If that's how the exchange transaction work. So, what the reason behind some exchange site charging their account holder some certain fee for making deposit since the network fee is not needed to be pay to miner?

It depends on the cryptocurrency.
To initialise a ripple wallet you need to have a minimum of 20 XRP as a reserve so some exchanges like Poloniex charge you that 20XRP to create a wallet.

For ethereum there is a challenge on how to store user funds -- as an address or as a smart contract. They can either initialise a smart contract for every user (which consumes gas for contract creation), or create a new address (external Account) for each customer which will also incur gas fees for moving the deposited eth by the customer to the cold wallet. (It's worse for tokens since they'll have to seed every address with ETH for gas in order to move the tokens)
Some exchanges externalise this cost to customers by requiring a deposit fee so they can move the ether or tokens deposited, while others eat the cost.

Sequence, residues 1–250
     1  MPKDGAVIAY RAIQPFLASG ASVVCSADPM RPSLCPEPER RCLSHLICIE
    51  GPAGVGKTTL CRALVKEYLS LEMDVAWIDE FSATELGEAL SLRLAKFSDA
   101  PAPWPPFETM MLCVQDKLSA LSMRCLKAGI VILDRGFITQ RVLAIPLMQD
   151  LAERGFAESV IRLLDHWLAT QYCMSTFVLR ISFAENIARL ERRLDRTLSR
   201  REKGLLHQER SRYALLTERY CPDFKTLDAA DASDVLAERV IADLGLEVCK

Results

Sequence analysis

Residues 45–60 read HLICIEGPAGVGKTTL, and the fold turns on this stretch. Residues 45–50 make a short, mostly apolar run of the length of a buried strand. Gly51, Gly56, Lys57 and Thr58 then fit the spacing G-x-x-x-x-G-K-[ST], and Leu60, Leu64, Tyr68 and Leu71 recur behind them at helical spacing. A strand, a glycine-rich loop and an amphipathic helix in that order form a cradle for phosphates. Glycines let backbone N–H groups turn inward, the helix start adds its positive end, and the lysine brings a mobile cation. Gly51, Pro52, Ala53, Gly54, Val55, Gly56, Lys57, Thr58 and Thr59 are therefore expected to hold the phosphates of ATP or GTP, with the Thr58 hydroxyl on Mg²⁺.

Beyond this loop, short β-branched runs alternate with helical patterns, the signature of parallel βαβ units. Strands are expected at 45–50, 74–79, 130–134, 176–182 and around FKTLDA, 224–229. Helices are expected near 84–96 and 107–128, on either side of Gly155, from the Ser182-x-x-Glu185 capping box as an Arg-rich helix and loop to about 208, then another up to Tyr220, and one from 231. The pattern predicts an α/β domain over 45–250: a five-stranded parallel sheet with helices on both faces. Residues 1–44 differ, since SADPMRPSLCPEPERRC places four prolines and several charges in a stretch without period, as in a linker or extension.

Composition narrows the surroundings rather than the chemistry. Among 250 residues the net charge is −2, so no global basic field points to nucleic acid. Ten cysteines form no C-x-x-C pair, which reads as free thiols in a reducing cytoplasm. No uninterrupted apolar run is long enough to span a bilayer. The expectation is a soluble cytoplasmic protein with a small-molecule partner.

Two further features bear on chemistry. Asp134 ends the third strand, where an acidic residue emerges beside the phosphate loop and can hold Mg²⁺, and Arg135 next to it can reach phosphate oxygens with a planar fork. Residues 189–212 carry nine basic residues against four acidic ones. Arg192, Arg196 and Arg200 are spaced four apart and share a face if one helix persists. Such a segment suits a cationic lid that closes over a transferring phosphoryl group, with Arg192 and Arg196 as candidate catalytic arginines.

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February 21, 2018, 09:20:39 PM
 #7

If that's how the exchange transaction work. So, what the reason behind some exchange site charging their account holder some certain fee for making deposit since the network fee is not needed to be pay to miner?

There isn't any good reason to charge a Bitcoin deposit fee. As far as I know, HitBTC charges about 0.0006 BTC every time you deposit Bitcoin. They introduced this fee 2 months ago when Bitcoin network was overloaded. The reason why they introduced this fee is because they want to provide stable service. They could have come up with a better excuse. They still charge 0.001 BTC withdrawal fee. Ridiculous, we should ditch exchanges which behave like that. I can't wait to see fully working atomic swaps.

Source: https://blog.hitbtc.com/introducing-deposit-fees-for-bitcoin/

btctousd81
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February 22, 2018, 02:42:58 AM
 #8

everything happens on exchange excecpt withdrawals are just numbers game.

you deposit x btc to your deposit wallet,
exchange see those x btc added and gives you x btc to play with .

you sell those x btc to another user.
exchange removes those x btc from your account and adds those x btc in who have purchased your btc.

this is all done in internal database.

the only time person withdrwas their coins , is when they create a transaction and broadcast/push to the the specific blockchain network/nodes.

so you can seee its , just numbers game for them.